Nolan said one of the great things he found out working with the likes of Thorne was that at times, he found out “truth is indeed stranger than fiction.”

“We were coming up with stuff in real science that was far more mind-blowing than anything I could think of as a writer,” Nolan said. “That gave me a lot of confidence in addressing these cosmic issues, because you’re dealing with hard facts and hard science, and ultimately getting imagery that you’ve never seen before.”

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While “Interstellar” is grounded in reality, the last thing Nolan wanted to do was alienate his audience by layering in contemporary, hot-button issues like climate change or global warming to set up the dying planet narrative. Instead, to avoid any sort of “movie message” storyline that would come off as preachy, he and his co-screenwriter brother, Jonah, rooted “Interstellar” in a setting akin to the Dust Bowl of the 1930s.

Simply put, Nolan said his responsibility as a filmmaker is to entertain his audiences, not push an agenda on them.

“We go to the movies to escape, and that’s why the film isn’t about global warming or addresses climate change,” Nolan explained. “‘Interstellar’ deals with an agricultural crisis of the type that has happened before, and that was to give the idea of the film credibility. I want people to feel afraid for the end of the world at the beginning of the film. I want them to feel like these guys really have to do something to save it.”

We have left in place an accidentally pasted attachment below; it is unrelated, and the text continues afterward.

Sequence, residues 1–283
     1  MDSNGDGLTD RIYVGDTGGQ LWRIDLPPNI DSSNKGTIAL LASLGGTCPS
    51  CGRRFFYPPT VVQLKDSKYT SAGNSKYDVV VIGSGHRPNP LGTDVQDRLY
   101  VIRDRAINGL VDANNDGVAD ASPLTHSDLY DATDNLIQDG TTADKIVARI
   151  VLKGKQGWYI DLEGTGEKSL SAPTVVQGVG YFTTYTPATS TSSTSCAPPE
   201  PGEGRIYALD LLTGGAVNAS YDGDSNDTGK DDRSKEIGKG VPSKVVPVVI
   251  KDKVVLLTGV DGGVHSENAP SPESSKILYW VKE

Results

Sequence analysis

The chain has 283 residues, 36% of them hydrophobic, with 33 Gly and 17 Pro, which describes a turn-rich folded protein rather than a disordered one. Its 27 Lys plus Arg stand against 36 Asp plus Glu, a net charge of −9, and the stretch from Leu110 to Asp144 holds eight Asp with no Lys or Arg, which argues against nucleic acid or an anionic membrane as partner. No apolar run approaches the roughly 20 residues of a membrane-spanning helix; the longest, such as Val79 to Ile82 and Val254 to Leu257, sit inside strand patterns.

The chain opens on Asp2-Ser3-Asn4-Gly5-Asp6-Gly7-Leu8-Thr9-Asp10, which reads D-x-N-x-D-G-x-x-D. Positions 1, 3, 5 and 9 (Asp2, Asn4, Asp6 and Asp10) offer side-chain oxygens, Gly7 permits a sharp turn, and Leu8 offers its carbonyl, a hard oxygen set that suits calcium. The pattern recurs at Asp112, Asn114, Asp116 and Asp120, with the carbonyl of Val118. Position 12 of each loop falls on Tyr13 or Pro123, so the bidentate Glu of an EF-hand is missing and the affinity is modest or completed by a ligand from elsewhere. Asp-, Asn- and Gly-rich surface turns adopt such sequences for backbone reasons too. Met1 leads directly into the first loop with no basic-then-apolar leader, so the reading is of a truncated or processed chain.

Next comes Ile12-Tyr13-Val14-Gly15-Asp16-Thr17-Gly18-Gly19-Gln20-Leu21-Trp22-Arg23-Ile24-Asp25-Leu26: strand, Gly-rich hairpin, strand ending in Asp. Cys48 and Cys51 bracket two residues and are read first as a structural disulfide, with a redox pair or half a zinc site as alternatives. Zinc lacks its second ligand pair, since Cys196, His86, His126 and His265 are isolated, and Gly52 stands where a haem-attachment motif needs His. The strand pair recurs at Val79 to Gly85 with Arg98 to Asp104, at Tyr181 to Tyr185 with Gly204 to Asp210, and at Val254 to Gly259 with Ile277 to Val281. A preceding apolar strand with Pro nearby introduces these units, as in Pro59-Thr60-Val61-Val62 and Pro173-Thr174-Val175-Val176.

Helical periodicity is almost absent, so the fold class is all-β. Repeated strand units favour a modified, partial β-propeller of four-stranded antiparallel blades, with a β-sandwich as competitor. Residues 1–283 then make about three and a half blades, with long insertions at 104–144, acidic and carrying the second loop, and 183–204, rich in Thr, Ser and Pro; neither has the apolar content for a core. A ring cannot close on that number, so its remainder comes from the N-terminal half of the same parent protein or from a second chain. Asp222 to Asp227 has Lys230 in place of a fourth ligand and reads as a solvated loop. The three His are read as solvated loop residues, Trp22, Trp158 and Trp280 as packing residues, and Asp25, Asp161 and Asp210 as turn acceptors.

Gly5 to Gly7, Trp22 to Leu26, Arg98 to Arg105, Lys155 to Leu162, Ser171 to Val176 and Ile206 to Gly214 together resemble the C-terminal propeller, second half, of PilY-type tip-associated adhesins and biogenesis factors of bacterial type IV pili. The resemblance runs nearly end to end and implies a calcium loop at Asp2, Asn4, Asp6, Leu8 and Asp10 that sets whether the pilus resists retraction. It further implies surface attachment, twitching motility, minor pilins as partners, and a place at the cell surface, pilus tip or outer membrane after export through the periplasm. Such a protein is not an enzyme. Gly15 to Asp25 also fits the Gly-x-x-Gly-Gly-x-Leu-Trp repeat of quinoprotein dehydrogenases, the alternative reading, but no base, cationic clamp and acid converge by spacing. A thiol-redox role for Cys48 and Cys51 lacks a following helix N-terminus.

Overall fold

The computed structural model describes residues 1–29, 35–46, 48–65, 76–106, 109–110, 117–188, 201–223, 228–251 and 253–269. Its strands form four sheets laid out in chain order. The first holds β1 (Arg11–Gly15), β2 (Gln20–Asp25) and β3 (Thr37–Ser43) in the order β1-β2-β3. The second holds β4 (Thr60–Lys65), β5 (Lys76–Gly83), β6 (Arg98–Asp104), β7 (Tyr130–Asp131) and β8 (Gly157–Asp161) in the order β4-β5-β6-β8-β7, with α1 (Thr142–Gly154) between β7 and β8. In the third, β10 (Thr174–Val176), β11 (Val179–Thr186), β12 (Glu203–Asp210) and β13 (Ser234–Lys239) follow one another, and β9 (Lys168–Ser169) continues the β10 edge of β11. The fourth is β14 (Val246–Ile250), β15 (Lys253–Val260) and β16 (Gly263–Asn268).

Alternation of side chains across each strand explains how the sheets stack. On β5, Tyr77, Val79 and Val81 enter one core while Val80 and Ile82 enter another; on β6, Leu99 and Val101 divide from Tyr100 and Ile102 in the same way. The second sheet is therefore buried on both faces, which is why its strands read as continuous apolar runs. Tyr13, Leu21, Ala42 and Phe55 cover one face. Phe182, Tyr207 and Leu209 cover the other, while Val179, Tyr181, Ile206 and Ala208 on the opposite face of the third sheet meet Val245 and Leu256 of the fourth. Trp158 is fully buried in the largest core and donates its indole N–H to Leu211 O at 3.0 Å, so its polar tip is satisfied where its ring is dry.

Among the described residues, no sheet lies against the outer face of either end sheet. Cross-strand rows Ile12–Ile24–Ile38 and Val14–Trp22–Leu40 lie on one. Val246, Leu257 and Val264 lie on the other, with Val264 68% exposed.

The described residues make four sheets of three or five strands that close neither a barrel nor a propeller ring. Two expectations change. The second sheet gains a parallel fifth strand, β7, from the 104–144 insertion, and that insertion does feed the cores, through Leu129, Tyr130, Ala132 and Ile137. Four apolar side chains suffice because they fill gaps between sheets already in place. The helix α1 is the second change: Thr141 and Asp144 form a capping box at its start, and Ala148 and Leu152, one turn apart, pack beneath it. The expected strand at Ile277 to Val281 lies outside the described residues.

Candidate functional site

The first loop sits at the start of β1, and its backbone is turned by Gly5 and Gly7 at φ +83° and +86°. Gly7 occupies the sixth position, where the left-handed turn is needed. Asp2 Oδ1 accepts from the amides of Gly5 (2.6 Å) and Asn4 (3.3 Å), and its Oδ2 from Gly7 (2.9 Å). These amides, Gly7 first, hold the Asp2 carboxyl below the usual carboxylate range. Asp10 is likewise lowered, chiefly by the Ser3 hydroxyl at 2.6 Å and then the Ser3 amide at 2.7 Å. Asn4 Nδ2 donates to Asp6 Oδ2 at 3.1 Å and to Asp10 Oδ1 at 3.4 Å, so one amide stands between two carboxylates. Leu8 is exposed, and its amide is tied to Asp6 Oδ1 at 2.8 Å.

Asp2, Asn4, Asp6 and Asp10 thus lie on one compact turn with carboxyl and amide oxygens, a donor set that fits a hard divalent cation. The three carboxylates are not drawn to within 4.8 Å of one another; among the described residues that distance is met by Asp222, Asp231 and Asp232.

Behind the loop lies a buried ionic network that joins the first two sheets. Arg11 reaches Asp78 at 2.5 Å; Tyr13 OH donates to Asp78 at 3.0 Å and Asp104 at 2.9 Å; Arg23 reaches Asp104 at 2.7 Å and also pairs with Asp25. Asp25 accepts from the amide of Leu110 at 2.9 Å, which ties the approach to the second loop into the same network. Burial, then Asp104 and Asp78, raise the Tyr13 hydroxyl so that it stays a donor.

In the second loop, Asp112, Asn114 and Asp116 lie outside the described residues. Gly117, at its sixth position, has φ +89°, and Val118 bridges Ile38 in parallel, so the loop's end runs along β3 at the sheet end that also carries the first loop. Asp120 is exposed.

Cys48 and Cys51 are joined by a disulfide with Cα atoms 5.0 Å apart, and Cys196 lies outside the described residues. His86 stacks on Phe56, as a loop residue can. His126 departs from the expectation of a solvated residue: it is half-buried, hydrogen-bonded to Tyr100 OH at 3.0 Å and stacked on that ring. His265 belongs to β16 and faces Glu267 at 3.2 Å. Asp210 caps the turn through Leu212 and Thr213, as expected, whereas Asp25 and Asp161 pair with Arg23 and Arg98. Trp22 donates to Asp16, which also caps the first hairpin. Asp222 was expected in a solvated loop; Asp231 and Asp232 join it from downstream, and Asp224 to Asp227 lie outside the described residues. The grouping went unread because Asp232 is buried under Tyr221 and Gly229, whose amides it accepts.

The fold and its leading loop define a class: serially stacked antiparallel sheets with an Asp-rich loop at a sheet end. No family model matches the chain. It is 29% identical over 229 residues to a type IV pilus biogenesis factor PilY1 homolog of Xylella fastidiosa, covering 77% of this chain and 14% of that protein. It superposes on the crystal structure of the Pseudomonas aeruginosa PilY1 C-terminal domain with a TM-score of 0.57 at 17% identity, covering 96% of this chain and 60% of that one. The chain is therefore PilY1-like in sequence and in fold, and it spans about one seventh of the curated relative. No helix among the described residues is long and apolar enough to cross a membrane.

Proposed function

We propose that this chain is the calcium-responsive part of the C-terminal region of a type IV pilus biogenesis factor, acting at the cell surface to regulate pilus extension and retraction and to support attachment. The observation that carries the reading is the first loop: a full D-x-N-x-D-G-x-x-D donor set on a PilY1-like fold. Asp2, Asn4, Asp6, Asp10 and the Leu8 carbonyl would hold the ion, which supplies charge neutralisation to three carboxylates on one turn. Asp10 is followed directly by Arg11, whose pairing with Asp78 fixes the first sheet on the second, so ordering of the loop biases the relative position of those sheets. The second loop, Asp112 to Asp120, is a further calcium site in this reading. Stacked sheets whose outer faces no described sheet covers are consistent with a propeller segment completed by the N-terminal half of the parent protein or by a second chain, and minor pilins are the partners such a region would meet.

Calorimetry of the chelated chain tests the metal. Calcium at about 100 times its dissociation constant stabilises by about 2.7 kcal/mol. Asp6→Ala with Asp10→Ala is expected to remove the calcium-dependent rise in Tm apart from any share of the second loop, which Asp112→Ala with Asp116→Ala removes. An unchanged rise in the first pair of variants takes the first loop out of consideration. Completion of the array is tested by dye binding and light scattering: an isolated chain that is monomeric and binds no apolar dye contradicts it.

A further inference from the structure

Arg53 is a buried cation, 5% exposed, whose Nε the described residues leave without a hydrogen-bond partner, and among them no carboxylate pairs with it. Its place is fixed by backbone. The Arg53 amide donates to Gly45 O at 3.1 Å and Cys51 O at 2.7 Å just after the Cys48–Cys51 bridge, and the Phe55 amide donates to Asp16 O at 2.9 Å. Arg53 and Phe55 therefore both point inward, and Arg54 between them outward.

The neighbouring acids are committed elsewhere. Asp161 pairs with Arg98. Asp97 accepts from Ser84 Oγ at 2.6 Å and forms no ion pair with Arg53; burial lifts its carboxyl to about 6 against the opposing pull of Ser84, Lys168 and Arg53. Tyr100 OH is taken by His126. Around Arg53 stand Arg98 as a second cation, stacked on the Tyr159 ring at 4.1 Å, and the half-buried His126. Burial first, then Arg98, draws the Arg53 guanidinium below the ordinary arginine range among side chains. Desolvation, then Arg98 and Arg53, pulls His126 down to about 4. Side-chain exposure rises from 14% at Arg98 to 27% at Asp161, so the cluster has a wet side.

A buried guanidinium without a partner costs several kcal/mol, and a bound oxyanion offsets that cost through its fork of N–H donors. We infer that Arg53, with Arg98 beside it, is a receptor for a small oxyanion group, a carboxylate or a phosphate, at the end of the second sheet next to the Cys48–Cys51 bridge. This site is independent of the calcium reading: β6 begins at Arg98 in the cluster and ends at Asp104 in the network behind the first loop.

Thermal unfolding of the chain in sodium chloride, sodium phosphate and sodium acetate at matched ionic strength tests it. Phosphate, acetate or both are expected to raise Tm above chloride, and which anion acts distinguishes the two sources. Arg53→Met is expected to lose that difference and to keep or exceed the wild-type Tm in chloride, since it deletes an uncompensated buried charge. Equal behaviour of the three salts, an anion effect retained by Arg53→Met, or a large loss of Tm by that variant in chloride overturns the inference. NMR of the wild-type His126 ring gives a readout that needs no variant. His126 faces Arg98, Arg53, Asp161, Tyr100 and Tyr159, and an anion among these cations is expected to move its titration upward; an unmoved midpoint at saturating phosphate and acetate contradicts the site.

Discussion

Nolan noted that if he were indeed trying to push something onto his audiences, he woefully fell short.

“Very specifically, Michael Caine’s character says, ‘We’re not meant to save the world. We’re meant to leave it.’ That certainly isn’t a very great environmental message,” Nolan said, laughing. “I hadn’t have done a good job if I was supposed to be wagging my finger.”

If anything, Nolan says he hopes “Interstellar” will make people think about humankind’s relationship with the planet and our place in the universe, and ultimately, what else is out there.

“Right now the film is about fiction, but I believe one day one day we are going to strike out to the wider universe in real life,” Nolan said. “I hope we do that out of choice rather than necessity. In a movie, it’s got to be out of necessity. You’ve got to understand that these guys have to do this right now. They have to go.”